Nobel Peace Prize laureate Desmond Tutu called for a global ban on the death penalty in a commentary featured in The Guardian newspaper on Tuesday.
The former archbishop of Cape Town wrote the piece ahead of a vote at the United Nations General Assembly on a draft resolution calling for a moratorium on executions with the ultimate goal of banning the practice later this month, according to Agence France-Presse.
"I am delighted that the death penalty is being removed from the globe," Tutu wrote, referring to the increasing number of countries abolishing the death penalty either in law or practice.
"The death penalty … says that to kill in certain circumstances is acceptable, and encourages the doctrine of revenge.
"If we are to break these cycles, we must remove government-sanctioned violence."
He called capital punishment a violation of fundamental human rights and called the practice to be abolished worldwide.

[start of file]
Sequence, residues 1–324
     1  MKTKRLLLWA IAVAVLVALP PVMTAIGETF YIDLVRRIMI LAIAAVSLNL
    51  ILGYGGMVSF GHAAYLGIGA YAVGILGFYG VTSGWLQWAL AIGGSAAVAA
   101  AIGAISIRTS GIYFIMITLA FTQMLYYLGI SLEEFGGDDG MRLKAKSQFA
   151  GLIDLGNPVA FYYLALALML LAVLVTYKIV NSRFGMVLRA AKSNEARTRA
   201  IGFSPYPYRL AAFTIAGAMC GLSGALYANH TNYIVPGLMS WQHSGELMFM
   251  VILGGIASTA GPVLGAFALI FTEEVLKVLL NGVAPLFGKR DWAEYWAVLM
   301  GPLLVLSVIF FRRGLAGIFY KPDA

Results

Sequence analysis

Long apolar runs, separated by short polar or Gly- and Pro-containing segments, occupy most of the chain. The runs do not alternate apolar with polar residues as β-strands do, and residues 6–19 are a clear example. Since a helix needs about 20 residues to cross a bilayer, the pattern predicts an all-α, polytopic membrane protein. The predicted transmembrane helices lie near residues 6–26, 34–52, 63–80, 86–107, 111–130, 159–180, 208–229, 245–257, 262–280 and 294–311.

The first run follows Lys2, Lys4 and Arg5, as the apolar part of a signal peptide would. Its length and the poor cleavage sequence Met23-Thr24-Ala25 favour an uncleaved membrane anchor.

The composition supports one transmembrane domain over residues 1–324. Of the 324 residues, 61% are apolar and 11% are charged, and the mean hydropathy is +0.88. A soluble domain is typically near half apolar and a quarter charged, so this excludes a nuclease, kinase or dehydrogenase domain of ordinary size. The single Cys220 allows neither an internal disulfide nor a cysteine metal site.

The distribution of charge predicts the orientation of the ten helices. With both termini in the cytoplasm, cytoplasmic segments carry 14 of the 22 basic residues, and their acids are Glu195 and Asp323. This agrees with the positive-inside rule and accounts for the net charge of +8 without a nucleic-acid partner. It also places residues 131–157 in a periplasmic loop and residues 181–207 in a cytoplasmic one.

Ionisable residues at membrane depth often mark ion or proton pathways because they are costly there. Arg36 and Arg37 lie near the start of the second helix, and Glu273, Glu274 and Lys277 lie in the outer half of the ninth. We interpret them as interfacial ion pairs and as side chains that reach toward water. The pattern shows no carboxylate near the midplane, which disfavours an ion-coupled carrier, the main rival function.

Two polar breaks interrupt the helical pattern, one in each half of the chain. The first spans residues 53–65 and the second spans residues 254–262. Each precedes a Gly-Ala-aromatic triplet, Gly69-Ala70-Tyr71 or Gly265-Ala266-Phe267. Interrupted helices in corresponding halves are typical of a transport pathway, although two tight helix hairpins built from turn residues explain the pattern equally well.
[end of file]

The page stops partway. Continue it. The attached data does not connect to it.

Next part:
According to the human rights group Amnesty International, 133 countries have abolished the death penalty in law or practice, while 64 countries and territories still retain the practice.
"In country after country, it (capital punishment) is used disproportionately against the poor or against racial or ethnic minorities," Tutu wrote in The Guardian.
"It is often used as a tool or political repression. It is imposed and inflicted arbitrarily. It is an irrevocable punishment, resulting inevitably in the execution of people innocent of any crime."
"It is a violation of fundamental human rights," said the former South African archbishop.
The draft resolution on the death penalty was co-sponsored by 72 countries earlier this month, ahead of a vote by the full 192-member assembly, Italy's U.N. mission counselor Giuseppe Manzo said to AFP.
"The time has come to abolish the death penalty worldwide," Tutu wrote.
"The case for abolition becomes more compelling with each passing year."